“Bildungsroman” – That’s what books like these are called. A rather thick touchy one written in a first person monologue at times similar to that by Camus’s Meursault or Sam Raimi’s Elliot.But it was so simple and fluidic. Like sipping wine, something to relax on everyday, though it was kinda pointless at times.
Story spans through the teen ages of Theodor Decker towards his middle ages, which If given more papers Author might have extended till death. And the protagonist was as helpless as the reader in controlling his story. I really want to give some points on liking this book which on usual circumstances isn’t my type of read, except I don’t have any. Having that masterpiece painting, well allegedly, was giving Theo some strength, though the reveal of same might ruin his life, it was an excitement worth taking the risk for. He was often portrayed emotionless, especially around his Father, far better than that moron kid in The curious incident of the dog at the night though. And he was a schmuck for not contacting Andy, but somehow as a reader I understood him with his faults. It wasn’t pity for sure, since he wasn’t raised badly nor was in short of good company. Maybe, that was the magic of this book for me, it transcended really smooth.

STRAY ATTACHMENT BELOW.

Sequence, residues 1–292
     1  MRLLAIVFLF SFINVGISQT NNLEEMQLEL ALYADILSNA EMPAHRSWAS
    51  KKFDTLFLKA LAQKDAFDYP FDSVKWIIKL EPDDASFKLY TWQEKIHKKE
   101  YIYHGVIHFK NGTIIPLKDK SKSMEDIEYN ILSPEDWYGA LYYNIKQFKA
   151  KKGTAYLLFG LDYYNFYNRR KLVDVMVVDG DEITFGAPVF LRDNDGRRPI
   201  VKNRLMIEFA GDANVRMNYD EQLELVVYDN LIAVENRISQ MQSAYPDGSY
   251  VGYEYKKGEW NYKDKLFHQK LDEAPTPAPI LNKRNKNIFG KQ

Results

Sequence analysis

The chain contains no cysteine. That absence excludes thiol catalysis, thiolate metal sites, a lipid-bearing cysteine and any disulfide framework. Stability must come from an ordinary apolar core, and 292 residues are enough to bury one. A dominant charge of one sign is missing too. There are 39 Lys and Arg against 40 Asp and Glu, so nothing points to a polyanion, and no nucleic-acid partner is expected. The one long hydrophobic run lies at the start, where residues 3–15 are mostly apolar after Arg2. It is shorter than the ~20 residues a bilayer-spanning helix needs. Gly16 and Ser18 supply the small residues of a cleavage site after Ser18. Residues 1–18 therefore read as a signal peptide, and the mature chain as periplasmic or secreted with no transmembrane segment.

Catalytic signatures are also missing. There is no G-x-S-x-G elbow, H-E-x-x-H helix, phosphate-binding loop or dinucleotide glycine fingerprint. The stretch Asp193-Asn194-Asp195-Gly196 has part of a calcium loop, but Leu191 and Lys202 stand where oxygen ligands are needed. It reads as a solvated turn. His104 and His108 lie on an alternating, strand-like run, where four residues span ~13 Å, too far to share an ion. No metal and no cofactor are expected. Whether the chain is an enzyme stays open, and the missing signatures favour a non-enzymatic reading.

And Blin!, Boris was exactly like that cheeki breeki Slav on youtube, he deserves a squatting ovation for saving the book. Though If given the chance I would edit out parts about Mr. Babour, I had no serious problem with the book being too long. In fact by the last few chapters I secretly wanted for more, though I knew there wont be any solid clincher. Like little puttertje in Fabritius’s Goldfinch, Theo was chained to his own mysterious blue chest. He was a pet bird almost all his life, delusional, lost and longing for care. And like they say, One had to be lost for others to be found.
Goldfinch was my fat companion over the last few months, I almost kept the piece away for days towards the last chapter. It was slowly becoming my personal Damascus, the way station and apogee like Amsterdam was for Theo, thanks to the unusual amount of time and emotions I had invested in the read. And there is a part of me contemplating to keep the library copy for my personal shelf much like Theo preserving the Fabritius’s Trompe-l’œil (I don’t know how to write or pronounce it, but word is fancy af).